Attention demanding tasks during treadmill walking reduce step width variability in young adults

J Neuroeng Rehabil. 2005 Aug 8;2:25. doi: 10.1186/1743-0003-2-25.

Abstract

Background: The variability of step time and step width is associated with falls by older adults. Further, step time is significantly influenced when performing attention demanding tasks while walking. Without exception, step time variability has been reported to increase in normal and pathologically aging older adults. Because of the role of step width in managing frontal plane dynamic stability, documenting the influence of attention-demanding tasks on step width variability may provide insight to events that can disturb dynamic stability during locomotion and increase fall risk. Preliminary evidence suggests performance of an attention demanding task significantly decreases step width variability of young adults walking on a treadmill. The purpose of the present study was to confirm or refute this finding by characterizing the extent and direction of the effects of a widely used attention demanding task (Stroop test) on the step width variability of young adults walking on a motorized treadmill.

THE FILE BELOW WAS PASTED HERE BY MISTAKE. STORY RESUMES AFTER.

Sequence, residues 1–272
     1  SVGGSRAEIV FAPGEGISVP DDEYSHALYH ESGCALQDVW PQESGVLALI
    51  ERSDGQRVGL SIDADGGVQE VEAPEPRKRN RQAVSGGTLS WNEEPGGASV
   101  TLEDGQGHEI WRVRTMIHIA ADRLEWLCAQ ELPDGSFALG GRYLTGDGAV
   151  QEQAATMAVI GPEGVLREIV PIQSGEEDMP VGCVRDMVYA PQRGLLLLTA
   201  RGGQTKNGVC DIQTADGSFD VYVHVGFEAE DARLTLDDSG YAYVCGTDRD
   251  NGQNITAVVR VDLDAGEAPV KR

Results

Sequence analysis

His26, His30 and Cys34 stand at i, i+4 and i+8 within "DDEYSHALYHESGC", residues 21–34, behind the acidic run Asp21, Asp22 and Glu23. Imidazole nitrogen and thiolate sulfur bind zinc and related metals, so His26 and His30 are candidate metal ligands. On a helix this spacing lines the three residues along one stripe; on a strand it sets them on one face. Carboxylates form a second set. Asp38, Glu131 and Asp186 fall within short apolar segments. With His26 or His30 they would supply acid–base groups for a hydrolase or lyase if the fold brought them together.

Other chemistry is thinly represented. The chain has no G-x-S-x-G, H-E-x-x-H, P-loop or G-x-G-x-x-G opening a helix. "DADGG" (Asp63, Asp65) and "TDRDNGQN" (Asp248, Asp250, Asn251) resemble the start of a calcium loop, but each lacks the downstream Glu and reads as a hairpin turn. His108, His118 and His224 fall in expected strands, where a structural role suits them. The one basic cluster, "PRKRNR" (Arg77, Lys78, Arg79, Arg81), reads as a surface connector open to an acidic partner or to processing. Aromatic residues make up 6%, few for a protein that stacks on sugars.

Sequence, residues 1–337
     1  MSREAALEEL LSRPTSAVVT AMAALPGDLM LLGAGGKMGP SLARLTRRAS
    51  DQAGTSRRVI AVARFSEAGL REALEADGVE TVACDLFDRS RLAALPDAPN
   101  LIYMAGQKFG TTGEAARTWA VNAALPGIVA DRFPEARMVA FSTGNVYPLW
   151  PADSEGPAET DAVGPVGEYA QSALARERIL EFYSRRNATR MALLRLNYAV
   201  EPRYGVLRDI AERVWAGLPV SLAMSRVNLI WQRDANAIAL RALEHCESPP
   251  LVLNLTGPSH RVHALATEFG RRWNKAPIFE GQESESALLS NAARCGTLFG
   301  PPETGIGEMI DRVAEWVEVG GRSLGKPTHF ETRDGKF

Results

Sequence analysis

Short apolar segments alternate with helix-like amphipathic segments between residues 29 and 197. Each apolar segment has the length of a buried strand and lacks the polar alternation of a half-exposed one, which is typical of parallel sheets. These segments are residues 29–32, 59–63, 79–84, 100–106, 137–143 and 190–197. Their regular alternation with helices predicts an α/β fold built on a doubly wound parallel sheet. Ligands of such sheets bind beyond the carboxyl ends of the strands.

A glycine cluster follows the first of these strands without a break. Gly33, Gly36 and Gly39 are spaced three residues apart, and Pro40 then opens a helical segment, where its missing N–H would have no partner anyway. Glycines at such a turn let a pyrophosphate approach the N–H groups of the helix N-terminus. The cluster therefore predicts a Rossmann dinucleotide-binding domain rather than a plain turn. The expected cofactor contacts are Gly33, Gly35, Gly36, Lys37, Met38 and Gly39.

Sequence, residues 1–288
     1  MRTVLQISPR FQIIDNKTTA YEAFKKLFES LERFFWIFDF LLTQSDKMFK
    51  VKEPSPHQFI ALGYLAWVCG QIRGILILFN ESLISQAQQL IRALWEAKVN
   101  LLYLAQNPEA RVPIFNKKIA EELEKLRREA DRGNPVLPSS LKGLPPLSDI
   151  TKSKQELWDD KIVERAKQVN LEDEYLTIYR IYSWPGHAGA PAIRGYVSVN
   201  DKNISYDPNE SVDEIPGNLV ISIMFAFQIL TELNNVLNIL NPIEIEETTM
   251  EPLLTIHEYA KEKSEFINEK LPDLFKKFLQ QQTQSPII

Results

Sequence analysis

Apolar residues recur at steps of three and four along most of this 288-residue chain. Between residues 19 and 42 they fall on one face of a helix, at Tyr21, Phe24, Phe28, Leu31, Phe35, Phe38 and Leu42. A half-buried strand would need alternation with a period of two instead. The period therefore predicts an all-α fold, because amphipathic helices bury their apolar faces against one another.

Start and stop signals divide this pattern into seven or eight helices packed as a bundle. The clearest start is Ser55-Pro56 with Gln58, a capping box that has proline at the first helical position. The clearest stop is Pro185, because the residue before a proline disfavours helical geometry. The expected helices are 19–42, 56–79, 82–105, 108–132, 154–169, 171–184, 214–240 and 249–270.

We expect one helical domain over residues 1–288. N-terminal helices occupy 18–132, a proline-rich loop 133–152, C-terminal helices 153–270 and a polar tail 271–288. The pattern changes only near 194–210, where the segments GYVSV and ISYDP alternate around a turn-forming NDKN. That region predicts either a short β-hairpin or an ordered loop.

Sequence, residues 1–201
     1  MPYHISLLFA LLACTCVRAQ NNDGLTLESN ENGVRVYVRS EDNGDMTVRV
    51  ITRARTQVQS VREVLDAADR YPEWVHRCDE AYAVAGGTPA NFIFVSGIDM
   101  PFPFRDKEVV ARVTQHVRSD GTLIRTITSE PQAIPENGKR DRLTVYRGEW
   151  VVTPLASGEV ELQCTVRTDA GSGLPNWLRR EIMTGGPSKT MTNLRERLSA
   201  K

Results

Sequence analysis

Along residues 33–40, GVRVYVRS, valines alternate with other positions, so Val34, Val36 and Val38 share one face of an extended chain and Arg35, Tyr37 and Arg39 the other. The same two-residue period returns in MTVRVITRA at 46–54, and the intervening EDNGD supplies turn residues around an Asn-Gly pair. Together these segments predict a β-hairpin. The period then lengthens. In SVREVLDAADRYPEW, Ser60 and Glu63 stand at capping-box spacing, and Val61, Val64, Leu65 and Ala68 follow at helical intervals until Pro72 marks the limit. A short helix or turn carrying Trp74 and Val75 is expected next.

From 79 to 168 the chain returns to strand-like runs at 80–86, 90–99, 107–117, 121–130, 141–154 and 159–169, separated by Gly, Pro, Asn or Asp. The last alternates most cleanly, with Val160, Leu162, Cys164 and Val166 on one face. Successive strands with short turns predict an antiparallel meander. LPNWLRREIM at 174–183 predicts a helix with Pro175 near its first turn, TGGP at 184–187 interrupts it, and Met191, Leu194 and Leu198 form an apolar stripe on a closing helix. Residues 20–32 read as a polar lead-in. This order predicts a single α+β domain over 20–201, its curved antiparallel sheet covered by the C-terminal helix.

Methods: Fifteen healthy young adults walked on a motorized treadmill at a self-selected velocity for 10 minutes under two conditions; without performing an attention demanding task and while performing the Stroop test. Step width of continuous and consecutive steps during the collection was derived from the data recorded using a motion capture system. Step width variability was computed as the standard deviation of all recorded steps.

Results: Step width decreased four percent during performance of the Stroop test but the effect was not significant (p = 0.10). In contrast, the 16 percent decrease in step width variability during the Stroop test condition was significant (p = 0.029).

Conclusion: The results support those of our previous work in which a different attention demanding task also decreased step width variability of young subjects while walking on a treadmill. The decreased step width variability observed while performing an attention demanding task during treadmill walking may reflect a voluntary gait adaptation toward a more conservative gait pattern emphasizing frontal plane control of the trunk. Extension of the experimental paradigm to older adults and mechanistic approaches to link step width variability to dynamic stability, and falls, in a cause-effect manner are necessary.